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Brain implant gives early warning of epileptic seizure

May 2, 2013

seizure_advisory_system

A new brain implant can warn of seizures minutes before they strike, enabling them to get out of situations that could present a safety risk, New Scientist reports.

With funding from NeuroVista, a medical device company in Seattle, Mark Cook of the University of Melbourne and his colleagues have developed a brain implant that consists of a small patch of electrodes that measure brain… read more

Radical new graphene design operates at terahertz speed

May 2, 2013

Tunnelling transistor based on vertical graphene heterostructures. Tunnelling current between two graphene layers can be controlled by gating (Credit: Condensed Matter Physics Group/University of Manchester)

A new transistor capable of revolutionizing technologies for medical imaging and security screening has been developed by graphene researchers from the Universities of Manchester and Nottingham.

This is the first graphene-based transistor with bistable characteristics, which means that the device can spontaneously switch between two electronic states.

Such devices are in great demand as emitters of terahertz (trillions of oscillations per second, or thousands of gigahertz)… read more

DARPA seeks new ideas for mobile ad hoc networks

Would bypass Internet limitations, expand mobile network 20 times
May 2, 2013

MANETs (credit: DARPA)

Troops operating in forward locations without telecommunication infrastructure often rely on a mobile ad hoc network (MANET) to communicate and share data.

The communication devices  double as nodes on the mobile network. But the network can only scale to around 50 nodes before network services become ineffective.

So DARPA is looking for revolutionary new ideas for technologies unencumbered by Internet Protocols (IP) that could… read more

Lab-on-chip detects multiple tropical infectious diseases

May 2, 2013

Inserting natural samples directly into the VereTropTM chip, allowing fast and accurate identification of various tropical diseases that share the same fever symptoms (credit: A*STAR)

VereTrop, the first biochip that can identify 13 different major tropical diseases from a single blood sample, has been launched by the Agency for Science, Technology and Research (A*STAR) and Veredus Laboratories.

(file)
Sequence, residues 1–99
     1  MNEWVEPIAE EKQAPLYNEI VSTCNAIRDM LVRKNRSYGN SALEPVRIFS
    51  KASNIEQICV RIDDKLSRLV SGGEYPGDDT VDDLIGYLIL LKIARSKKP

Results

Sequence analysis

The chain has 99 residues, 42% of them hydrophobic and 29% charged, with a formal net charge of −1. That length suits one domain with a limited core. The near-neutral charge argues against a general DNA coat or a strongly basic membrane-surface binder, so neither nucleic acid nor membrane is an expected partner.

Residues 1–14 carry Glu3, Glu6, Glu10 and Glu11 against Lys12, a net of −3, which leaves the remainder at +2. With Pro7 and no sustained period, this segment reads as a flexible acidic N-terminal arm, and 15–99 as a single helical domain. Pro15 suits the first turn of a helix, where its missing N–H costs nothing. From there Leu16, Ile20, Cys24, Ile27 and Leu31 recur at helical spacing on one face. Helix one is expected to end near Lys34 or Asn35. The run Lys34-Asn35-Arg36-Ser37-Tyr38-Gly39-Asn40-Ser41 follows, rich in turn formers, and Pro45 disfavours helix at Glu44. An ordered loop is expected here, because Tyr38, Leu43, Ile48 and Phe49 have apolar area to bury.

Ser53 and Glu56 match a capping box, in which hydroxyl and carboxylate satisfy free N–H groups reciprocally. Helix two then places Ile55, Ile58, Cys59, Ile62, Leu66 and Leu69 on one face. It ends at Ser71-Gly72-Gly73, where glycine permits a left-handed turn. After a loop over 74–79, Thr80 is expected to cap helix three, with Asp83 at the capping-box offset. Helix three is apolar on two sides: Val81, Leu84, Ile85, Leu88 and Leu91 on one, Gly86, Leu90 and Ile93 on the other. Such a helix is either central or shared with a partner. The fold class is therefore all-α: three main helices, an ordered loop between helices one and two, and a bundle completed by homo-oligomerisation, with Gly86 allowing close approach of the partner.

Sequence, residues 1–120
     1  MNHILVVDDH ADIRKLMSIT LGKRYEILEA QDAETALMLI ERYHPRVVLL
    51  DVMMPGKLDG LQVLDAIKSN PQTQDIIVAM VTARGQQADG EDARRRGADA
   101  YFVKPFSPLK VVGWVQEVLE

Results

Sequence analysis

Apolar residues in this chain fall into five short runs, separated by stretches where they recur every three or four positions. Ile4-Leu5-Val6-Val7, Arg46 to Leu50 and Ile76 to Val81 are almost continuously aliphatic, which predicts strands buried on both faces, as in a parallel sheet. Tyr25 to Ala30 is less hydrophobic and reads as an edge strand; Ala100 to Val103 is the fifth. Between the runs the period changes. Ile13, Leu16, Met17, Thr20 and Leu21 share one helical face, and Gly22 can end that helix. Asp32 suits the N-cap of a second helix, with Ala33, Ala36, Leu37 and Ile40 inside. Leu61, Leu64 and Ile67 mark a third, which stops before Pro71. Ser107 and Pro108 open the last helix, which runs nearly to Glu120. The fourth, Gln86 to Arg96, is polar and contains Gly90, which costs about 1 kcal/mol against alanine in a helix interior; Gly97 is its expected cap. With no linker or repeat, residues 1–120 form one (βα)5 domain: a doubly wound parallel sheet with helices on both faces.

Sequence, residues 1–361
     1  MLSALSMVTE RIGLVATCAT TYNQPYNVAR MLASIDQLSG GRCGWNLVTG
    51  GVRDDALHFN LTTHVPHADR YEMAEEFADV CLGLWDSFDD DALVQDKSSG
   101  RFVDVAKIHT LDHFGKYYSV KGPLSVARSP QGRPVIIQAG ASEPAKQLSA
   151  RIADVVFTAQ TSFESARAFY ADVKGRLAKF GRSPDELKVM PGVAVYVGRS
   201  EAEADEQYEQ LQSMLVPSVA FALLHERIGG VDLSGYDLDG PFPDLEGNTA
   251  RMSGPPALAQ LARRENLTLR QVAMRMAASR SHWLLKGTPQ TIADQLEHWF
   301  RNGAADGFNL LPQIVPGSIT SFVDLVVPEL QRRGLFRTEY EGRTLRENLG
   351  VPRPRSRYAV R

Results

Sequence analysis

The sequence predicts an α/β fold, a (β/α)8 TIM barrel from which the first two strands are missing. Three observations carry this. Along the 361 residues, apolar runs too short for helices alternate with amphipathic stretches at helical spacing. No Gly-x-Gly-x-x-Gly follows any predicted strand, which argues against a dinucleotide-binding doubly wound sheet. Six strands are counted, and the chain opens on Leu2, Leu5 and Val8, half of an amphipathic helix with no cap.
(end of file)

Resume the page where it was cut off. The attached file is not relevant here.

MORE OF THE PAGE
“Tropical diseases often reflect common symptoms like fever, and may not be accurately diagnosed early by doctors. This portable test kit is a rapid and reliable method to accurately test for multiple… read more

Global networks must be redesigned

May 2, 2013

Illustration of the principle of a "time bomb" --- a single,<br />
local perturbation of a node may cause large-scale damage through a<br />
cascade effect, similar to chain reactions in nuclear fission.

Our global networks have generated many benefits and new opportunities. However, they have also established highways for failure propagation, which can ultimately result in man-made disasters. For example, today’s quick spreading of emerging epidemics is largely a result of global air traffic, with serious impacts on global health, social welfare, and economic systems.

In a Nature paper on globally networked risks, ETH Zürich Prof. Dr. Dirk Helbing, Chair of Sociology, illustrates… read more

Bug’s eye inspires hemispherical digital camera

May 2, 2013

Nearly hemispheric (credit: John A. Rogers/University of Illinois at Urbana-Champaign)

Inspired by the complex fly eye, researchers have developed a nearly hemispherical digital camera with 180 tiny lenses, delivering exceptionally wide-angle field of view and sharp images.

Humans capture pictures using the two lenses of our relatively flat eyes, while a top-of-the-line SLR camera has just one flat lens.

The new camera — a rounded half bubble, similar to a bug’s eye — has 180 microlenses mounted… read more

Memory implants

A maverick neuroscientist believes he has deciphered the code by which the brain forms long-term memories
May 1, 2013

electrode_array

Teodore Berger, a biomedical engineer and neuroscientist at the University of Southern California in Los Angeles, envisions a day in the not too distant future when a patient with severe memory loss can get help from an electronic implant, MIT Technology Review reports.

In people whose brains have suffered damage from Alzheimer’s, stroke, or injury, disrupted neuronal networks often prevent long-term memories from forming. For more than… read more

A ‘super-resolution’ microscope for nanostructures

May 1, 2013

A new type of super-resolution optical microscopy takes a high-resolution image (at right) of graphite "nanoplatelets" about 100 nanometers wide. The imaging system, called saturated transient absorption microscopy, or STAM, uses a trio of laser beams and represents a practical tool for biomedical and nanotechnology research. (Weldon School of Biomedical Engineering, Purdue University)